Before the expense of a trial in the supreme court had been incurred, the owner approached the broker with an offer of settlement at the commission amount of Euros 303,000 without interest and without the payment of costs. The shipbroker was willing to forgo the interest, and settlement was agreed at the commission amount of Euros 303,000 plus the costs awarded by the first instance court of $32,300. The costs incurred in the early stages of the supreme court proceedings were waived.

ITIC is managed by Thomas Miller. More details about the club and the services it offers can be found on ITIC’s website at www.itic-insure.com

For more information:
Charlotte Kirk
Tel. +44 (0)20 7338 0150
Fax. +44 (0)20 7338 0151

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Friday, 10 April 2015

Liberia number one open register for Greek owners and operators

Figures released by the Greek Shipping Co-operation Committee (GSCC) show that Liberia has further strengthened its position as the undisputed leading open registry of choice for Greek shipowners and operators.

The GSCC statistics show that, in the year to end-March 2015, the number of Greek-controlled ships in the Liberian Registry increased by a net total of 61 vessels, more than any other registry in the world. In the process, the Liberian Registry moved closer to the Greek flag, which recorded a net total of 20 new registrations in the twelve-month period.

The GSCC figures show a total of 739 Greek-controlled ships, aggregating 54.03m dwt, registered with Liberia, compared to 678 vessels of 49.05m dwt at end-March 2014. Eighteen per cent of Greek-controlled ships are now registered under the Liberian flag. This is an increase on the corresponding figure for the previous year and positions Liberia second only to the Greek national flag in this respect.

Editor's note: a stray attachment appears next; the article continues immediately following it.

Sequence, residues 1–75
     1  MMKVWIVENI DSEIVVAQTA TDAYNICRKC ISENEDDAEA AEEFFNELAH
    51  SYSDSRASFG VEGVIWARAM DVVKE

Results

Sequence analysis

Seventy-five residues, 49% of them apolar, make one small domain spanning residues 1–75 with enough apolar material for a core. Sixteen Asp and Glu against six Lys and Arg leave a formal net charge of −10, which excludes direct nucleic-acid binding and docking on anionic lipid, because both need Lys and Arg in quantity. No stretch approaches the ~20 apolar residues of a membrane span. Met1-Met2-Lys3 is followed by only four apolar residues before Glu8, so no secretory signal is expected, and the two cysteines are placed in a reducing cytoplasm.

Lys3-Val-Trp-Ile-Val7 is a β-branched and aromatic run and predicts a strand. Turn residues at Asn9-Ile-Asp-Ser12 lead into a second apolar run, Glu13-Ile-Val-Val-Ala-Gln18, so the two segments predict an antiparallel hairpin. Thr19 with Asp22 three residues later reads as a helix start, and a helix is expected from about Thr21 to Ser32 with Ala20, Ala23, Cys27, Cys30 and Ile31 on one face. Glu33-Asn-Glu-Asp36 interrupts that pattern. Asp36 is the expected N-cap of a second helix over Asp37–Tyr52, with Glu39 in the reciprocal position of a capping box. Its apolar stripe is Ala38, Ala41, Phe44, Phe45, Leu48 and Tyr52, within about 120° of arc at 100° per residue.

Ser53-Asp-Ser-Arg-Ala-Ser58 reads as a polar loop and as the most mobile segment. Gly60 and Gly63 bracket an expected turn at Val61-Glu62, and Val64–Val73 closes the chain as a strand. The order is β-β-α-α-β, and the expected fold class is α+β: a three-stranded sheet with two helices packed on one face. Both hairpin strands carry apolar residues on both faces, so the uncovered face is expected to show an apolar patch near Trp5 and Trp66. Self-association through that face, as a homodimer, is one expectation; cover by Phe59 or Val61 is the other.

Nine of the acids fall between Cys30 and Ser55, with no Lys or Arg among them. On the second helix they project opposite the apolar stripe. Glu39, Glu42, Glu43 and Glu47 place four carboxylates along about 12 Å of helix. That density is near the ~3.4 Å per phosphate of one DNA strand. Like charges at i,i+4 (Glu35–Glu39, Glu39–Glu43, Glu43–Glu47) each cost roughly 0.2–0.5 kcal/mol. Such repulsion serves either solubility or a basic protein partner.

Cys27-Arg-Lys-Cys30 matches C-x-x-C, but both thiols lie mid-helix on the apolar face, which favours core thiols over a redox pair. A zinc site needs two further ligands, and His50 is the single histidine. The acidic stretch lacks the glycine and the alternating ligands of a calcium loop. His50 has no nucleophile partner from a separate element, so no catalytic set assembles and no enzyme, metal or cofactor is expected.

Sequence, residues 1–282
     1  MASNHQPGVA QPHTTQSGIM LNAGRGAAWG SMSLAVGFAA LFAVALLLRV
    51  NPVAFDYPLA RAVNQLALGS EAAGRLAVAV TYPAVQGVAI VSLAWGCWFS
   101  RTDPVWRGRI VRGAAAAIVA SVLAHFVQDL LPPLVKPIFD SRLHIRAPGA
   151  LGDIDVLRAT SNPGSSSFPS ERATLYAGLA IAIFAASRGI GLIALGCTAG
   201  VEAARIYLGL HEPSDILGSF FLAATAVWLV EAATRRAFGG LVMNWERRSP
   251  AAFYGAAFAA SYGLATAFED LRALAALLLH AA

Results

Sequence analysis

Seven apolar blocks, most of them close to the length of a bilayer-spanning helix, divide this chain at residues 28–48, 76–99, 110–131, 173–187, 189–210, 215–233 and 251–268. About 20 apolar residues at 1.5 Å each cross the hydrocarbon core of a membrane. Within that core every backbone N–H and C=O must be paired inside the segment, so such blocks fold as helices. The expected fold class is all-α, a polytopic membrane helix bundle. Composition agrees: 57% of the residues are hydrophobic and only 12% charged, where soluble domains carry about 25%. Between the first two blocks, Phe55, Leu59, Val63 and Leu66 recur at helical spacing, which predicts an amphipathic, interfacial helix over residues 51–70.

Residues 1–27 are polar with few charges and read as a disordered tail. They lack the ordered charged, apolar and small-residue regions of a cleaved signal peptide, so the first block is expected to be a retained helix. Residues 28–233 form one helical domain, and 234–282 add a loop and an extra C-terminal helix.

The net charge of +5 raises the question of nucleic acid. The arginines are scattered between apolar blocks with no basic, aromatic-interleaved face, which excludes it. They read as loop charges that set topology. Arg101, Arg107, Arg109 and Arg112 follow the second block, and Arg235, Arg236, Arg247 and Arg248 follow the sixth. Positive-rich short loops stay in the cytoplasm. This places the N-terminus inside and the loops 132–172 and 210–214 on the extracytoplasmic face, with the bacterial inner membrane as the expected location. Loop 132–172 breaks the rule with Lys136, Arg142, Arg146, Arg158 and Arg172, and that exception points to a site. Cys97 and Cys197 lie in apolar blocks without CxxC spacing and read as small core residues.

The GSCC findings provide the second independent verification in the past six months of the dominant role played in Greek shipping by the Liberian Registry. Figures produced recently by Marine Information Services (MIS) in Greece showed Liberia as the most popular and fastest growing flag for Greek owners and operators.

Scott Bergeron, CEO of the Liberian International Ship & Corporate Registry (LISCR), the US-based manager of the Liberian Registry, says, “The relationship between the Greek shipping community and the Liberian Registry is built on strong and long-standing foundations. It has grown stronger still during the worldwide economic downturn of recent years, during which shipowners and operators have looked to their ship registries for innovative solutions to help maintain efficiency and profitability.”

Michalis Pantazopoulos, Senior Vice-President of the Liberian International Ship & Corporate Registry (Hellas) SA in Piraeus, says, “The latest figures from the GSCC are good news both for the Greek fleet and for the Liberian registry. Greece remains the undisputed number one shipping nation in the world. Almost 16 per cent of the world fleet in deadweight terms is now controlled by Greek interests, and the average age of that fleet is 2.5 years below the world average. The total amount of Greek-controlled ships in the world fleet is now at its highest level since 2008 / 2009, and the fact that Liberia has played such a leading role in this quality growth is testament to the mutual trust and respect which exists between the Greek shipowning community and the Liberian Registry.”

The Liberian Registry is one of the world’s largest and most active shipping registers and has long been considered the world’s most technologically advanced maritime administration. It has a long-established track record of combining the highest standards of safety for vessels and crews with the highest levels of responsive service to owners.